The expansion in the country’s money supply eased in January as bank lending continued to decline, the Bangko Sentral ng Pilipinas (BSP) reported on Tuesday.
In a statement, the central bank said domestic liquidity (M3) rose by 9 percent year-on-year to P14 trillion in the first month, slower than the 9.5-percent increase in December. Month-on-month and seasonally adjusted, M3 inched up by 0.7 percent.
Domestic claims grew by 5 percent in January from a year earlier, faster than the revised 4.5-percent jump a month ago, which was “attributed mainly to increase in net claims on the national government, even as bank lending activity remained weak,” it explained.
“Loans for production activities contracted as lending to a number of key sectors declined, specifically for wholesale and retail trade and repair of motor vehicles and motorcycles; manufacturing; and financial and insurance activities,” the BSP said.
It added that “consumer lending contracted due to the decline in credit card and motor vehicle loans as well as the slowdown in salary-based consumption loans.”
Net claims by the government increased by 39 percent in January, quicker than December’s adjusted 31.1-percent climb.
Meanwhile, bank lending fell by 2.4 percent, faster than the 0.7-percent pickup a month earlier. The figure represented its quickest slide since August 2006’s 2.9-percent drop.
Month-on-month and seasonally adjusted, commercial bank loans dipped by 0.3 percent.
Loans to residents, net of reverse repurchase, decreased by 1.7 percent, while outstanding loans to nonresidents also declined by 21.6 percent.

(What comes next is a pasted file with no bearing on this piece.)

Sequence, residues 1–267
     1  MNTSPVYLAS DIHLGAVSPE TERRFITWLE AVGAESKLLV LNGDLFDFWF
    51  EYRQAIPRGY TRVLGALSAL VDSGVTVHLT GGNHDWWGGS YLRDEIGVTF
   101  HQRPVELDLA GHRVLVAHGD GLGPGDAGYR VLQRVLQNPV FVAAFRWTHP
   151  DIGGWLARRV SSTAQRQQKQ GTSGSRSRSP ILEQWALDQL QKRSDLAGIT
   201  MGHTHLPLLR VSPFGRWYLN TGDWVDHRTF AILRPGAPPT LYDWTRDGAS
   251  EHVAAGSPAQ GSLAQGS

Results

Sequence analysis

“In general, credit activity remained soft due to weak demand as banks continued to be risk-averse on concerns over asset quality and profitability” the central bank explained.
Lending for production activities eased faster by 1.1 percent, compared to December’s 0.4-percent fall, as outstanding loans to these sectors continued to dive: wholesale and retail trade and repair of motor vehicles and motorcycles (-6.9 percent); manufacturing (-7.4 percent); and financial and insurance activities (-6.3 percent).
“However, the contraction was tempered by [the] sustained growth in loans to some major production sectors, specifically to real estate activities (5.7 percent), transportation and storage (6.6 percent), construction (4.3 percent), and electricity, gas, steam, and air conditioning supply (3.5 percent),” the BSP said.
Loans to other sectors saw smaller upticks, it added, after some activities resumed, especially those of human health and social work (11.0 percent), and accommodation and food services (4.0 percent).
Despite this, universal and commercial bank loans to consumers contracted by 6.9 percent after climbing by 4.1 percent in December on account of “the decline in credit card and motor vehicle loans, as well as the slowdown in salary-based consumption loans during the month.”